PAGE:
How do Islamic terrorist groups use religion to justify their violent movement?

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Islamic terrorists are estimated to comprise approximately 10% of the Muslim population, which is equivalent to 160 million out of 1.6 billion people. A terrorist is defined as a person who engages in violence and the infliction of fear in order to gain something either for themselves or for their people. Most Muslims are not terrorists. It is stereotypical to deduce that all Islamic people are involved terrorist groups, however, there are many people who are involved in these groups. Islamic terrorist groups use religion to justify their violent movement by claiming that their religion is the only just religion, strictly following religious leaders and sacred texts, and preserving their aboriginal religious beliefs.
Many terrorists believe that their religion is the only true religion, and they use it to justify violence (“Islamic Terrorism”). Most Muslim terrorists follow Jihad. Jihad is an Islamic perception that the way to integrate their religion is by massive force (“Of True Muslims and Terrorists”). Jihad is considered the “sixth pillar” of faith in Islam because it is the constant fight towards good. It is the idea of focusing on God and turning away from those that oppose God (David E. Long, 91). The terrorists believe that their religion is what everyone should follow, so they would naturally require personnel in power in Muslim states to either convert to their religion or resign from their terms. They will first threaten a leader that if they do not change, the terrorists will use violence. Sometimes, violent acts come about without any warning or previous threats (“Of True Muslims and Terrorists”). Islam is a proselytizing religion, which means it uses violence to convert people to its faith. This is because, in the ...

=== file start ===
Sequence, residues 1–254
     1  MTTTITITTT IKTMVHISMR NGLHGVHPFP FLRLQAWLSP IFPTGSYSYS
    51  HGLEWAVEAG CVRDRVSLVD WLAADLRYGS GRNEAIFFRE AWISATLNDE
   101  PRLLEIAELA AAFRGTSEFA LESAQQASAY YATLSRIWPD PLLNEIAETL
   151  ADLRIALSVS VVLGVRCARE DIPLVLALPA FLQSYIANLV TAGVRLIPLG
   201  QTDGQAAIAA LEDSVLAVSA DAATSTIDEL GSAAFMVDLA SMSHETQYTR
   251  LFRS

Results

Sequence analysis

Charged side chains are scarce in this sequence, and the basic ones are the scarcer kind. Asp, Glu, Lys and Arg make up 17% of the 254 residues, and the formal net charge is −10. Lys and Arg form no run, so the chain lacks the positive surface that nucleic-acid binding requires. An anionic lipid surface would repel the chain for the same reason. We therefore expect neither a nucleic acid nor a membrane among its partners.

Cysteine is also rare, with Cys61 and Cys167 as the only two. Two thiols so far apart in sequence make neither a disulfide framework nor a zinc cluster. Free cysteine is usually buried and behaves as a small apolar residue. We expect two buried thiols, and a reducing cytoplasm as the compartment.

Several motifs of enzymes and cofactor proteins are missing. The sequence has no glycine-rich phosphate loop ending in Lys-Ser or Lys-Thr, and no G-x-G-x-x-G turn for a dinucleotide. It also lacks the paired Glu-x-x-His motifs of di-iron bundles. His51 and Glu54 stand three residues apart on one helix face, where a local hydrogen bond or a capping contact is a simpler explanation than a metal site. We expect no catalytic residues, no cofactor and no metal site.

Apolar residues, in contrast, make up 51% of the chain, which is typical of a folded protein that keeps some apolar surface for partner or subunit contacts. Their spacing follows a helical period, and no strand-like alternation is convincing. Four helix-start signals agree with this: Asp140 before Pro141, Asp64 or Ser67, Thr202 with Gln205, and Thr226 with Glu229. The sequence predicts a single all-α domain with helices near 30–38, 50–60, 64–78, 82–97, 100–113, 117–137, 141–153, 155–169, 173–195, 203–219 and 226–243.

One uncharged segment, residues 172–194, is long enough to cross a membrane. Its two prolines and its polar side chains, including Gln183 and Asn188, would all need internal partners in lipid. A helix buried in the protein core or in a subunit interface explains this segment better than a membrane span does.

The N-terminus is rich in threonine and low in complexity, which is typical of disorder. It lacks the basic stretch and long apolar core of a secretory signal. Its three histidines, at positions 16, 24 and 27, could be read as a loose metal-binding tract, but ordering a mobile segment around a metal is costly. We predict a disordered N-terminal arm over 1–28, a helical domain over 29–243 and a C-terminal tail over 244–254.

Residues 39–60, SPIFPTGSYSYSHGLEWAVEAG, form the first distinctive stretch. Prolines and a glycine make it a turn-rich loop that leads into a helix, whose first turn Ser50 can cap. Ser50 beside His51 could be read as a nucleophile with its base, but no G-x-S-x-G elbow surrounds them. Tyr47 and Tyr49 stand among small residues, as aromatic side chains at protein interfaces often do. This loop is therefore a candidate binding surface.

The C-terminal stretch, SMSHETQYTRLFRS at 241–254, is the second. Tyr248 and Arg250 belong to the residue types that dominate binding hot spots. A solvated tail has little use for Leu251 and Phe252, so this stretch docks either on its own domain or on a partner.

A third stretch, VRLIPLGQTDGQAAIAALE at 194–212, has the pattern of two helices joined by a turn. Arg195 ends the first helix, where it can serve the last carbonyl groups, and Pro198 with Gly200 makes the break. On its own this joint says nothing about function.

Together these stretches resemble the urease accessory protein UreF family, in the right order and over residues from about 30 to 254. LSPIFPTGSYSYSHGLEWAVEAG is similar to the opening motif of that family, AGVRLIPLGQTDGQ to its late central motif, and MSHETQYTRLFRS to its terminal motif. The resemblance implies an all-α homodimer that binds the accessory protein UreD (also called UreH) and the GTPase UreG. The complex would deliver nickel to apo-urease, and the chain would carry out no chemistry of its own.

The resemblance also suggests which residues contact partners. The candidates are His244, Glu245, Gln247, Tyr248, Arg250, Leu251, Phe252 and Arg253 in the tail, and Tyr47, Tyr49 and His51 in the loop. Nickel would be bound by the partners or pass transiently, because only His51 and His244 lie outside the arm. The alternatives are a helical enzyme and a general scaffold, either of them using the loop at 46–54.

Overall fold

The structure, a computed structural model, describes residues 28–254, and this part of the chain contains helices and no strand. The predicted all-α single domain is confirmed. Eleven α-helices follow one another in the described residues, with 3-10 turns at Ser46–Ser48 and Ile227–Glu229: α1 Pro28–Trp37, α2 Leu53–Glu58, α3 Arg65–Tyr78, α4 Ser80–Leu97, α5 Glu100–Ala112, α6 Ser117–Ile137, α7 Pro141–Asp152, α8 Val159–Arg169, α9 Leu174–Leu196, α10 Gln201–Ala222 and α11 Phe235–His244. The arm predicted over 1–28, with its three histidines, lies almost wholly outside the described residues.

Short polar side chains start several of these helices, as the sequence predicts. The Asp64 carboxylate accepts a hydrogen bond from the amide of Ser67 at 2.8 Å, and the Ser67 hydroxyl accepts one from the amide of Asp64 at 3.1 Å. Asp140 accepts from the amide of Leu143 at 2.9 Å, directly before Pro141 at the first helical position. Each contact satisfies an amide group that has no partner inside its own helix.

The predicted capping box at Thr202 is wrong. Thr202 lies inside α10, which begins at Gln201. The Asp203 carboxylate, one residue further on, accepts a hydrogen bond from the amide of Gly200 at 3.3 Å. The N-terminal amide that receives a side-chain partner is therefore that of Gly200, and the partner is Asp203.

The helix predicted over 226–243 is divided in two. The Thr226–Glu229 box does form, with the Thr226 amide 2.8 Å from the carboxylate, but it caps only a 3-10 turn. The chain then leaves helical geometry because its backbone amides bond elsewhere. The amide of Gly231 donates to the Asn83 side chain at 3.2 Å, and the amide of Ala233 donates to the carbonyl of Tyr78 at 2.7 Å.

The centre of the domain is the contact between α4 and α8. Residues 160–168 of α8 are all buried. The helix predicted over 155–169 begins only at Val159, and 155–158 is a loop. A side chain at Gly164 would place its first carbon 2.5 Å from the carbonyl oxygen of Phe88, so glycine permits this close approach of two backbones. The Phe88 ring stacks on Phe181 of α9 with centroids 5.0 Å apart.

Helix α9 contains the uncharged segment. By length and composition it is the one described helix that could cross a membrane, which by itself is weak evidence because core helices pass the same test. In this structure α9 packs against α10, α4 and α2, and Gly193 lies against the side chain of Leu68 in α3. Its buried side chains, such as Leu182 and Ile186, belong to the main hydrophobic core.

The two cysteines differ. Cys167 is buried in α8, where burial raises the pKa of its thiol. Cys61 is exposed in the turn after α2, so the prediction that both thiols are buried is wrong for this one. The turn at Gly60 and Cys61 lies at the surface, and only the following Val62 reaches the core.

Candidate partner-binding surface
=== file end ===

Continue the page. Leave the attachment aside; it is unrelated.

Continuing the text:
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"Introduction to Religious Terrorism." Terrorism: Essential Primary Sources. Ed. K. Lee Lerner and Brenda Wilmoth Lerner. Detroit: Gale, 2006. 187. World History in Context. Web. 15 Jan. 2014. Long, David E.. The anatomy of terrorism. New York: Free Press ;, 1990. Print.
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